Talk to Staten Island skipper Tom Slater, however, and you’ll quickly learn to not believe everything you read.
“I think Cito’s a complete player, I really do,” he said.
“Cito’s a really good defensive player, he’s played shortstop very well. He makes all the routine plays, and then he seems to routinely make a spectacular play a game as well. He’s got great instincts, and he’s had them since day one. He had them last year in the GCL as well.
“With the bat, you look at the numbers, and he’s really swung it well from the right side. The left side, his numbers aren’t quite as good. But we’ve seen great improvement there. I think just with his approach, our hitting coach Ty Hawkins has done a really good job working with him daily.”
But Culver’s baseball acumen and ability are not the most impressive thing about the young man. Not even close.
Incredibly mature for his age, perhaps because he had no other choice but to grow up fast, Culver has overcome a troubled childhood in which his father broke into the family home and burnt it down when he was 15 years old. With his Chris Culver, Sr. out of his life — he’s currently incarcerated at the Attica Correctional Facility on charges of burglary and arson — Cito Culver has relied on a higher power to get him to this point.
“It’s really a blessing from God,” said Culver.
“All my success and everything that I’ve done up until now has been through Him, and that’s helped me a lot. He’s gotten me through my downs and He helps me when I’m up. He’s always there for me.”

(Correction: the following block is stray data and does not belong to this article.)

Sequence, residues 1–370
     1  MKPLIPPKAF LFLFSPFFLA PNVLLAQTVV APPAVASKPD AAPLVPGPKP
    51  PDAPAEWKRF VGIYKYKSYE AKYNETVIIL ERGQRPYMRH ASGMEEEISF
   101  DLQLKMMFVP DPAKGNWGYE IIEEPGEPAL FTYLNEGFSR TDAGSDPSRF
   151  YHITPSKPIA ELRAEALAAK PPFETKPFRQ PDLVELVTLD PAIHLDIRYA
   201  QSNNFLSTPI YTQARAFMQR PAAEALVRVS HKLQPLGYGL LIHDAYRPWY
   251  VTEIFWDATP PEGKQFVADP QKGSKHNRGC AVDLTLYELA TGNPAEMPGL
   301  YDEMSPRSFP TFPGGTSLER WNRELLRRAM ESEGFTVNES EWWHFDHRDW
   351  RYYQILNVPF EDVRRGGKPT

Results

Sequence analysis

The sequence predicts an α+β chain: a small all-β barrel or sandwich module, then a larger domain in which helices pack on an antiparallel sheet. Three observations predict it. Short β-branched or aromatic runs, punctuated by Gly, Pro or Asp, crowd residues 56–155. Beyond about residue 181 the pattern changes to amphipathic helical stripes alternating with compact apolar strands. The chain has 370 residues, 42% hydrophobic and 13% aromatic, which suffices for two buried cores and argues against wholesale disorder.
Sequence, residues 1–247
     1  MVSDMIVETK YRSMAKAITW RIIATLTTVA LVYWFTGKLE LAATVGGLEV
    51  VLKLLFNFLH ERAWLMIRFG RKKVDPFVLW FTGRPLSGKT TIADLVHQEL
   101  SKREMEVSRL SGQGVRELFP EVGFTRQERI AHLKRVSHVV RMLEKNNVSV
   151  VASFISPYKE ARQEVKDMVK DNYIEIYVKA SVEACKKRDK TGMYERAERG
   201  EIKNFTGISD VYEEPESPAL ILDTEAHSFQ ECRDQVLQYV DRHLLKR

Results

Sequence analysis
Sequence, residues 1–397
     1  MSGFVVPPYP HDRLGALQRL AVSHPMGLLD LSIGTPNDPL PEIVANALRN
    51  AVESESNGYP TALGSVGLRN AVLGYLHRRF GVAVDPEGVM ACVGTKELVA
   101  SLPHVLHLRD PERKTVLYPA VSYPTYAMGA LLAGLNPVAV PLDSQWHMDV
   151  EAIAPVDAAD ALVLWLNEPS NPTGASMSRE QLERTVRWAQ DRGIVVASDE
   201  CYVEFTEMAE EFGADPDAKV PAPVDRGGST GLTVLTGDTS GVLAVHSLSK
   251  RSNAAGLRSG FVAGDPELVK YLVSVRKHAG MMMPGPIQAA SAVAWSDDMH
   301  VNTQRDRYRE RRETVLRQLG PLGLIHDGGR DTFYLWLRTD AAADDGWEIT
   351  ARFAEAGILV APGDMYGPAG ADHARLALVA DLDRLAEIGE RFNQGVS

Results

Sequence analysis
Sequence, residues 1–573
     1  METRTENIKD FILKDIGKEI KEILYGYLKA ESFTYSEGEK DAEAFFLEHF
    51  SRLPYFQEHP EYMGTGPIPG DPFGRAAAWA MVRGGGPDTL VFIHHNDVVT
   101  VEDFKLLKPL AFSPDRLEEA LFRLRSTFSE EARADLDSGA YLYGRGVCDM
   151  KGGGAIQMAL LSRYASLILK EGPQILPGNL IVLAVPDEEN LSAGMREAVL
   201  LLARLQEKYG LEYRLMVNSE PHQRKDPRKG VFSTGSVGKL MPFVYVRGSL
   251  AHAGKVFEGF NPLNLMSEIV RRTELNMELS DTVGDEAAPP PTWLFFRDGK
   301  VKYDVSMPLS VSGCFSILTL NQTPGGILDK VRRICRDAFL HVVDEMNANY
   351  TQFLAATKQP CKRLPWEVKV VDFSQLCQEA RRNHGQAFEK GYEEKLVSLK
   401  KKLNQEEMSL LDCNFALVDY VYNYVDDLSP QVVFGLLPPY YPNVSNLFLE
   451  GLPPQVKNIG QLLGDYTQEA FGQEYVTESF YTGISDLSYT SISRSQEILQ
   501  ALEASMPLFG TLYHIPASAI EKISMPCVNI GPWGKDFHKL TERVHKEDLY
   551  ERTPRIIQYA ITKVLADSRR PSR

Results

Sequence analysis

Culver somehow overcame all of that to become the New York Yankees first round draft choice last season.
“It was probably the best moment of my life,” he said. “There’s no other way to explain it. I’ve always wanted to play baseball professionally, and I’ve always wanted to play for the Yankees.”
So far, of course, Culver has progressed only as far as the Staten Island Yankees, the Bronx Bombers Short Season-A ball affiliate. He returns there after finishing out his 2010 campaign in the New York-Penn League, and he’s shown vast improvement from a 15-game stint in which he hit just .186 with just one extra-base hit and no RBI in 43 at-bats.
“Just getting used to the overall grind has been the biggest adjustment,” says Culver of making the transition to pro ball.
“It’s a long season and I’m just trying to work through it, that’s the hardest part for me.”
Culver, who did hit .269 with two home runs and 18 RBI in 41 games with the Yankees Gulf Coast League team last season, is posting similar numbers this season with Staten Island. In 56 games, the six-foot, 185 pounder is batting .270 with two home runs and 31 RBI, and has made 15 errors in 54 starts at shortstop. Perhaps he might show similar characteristics to another shortstop who currently wears the number two on his back: Derek Jeter.
That would make some sense. After all, Culver has long looked up to the Yankee Captain and has tried to model his game after him — although he stresses that just playing as hard as he can every inning is his biggest goal.
“Jeter, I’ve always looked up to him,” Culver said.
“I’ve talked to him every once in a while. Just about baseball, how it is in the minor leagues. He tells me his stories from the minor leagues, and that it’s a struggle and you’ve just got to push through it.”
And who knows, perhaps one day Culver will be the man to one day replace his idol. He’ll just have to pick a different number if he gets there.
Mike Ashmore, mashmore98 AT gmail.com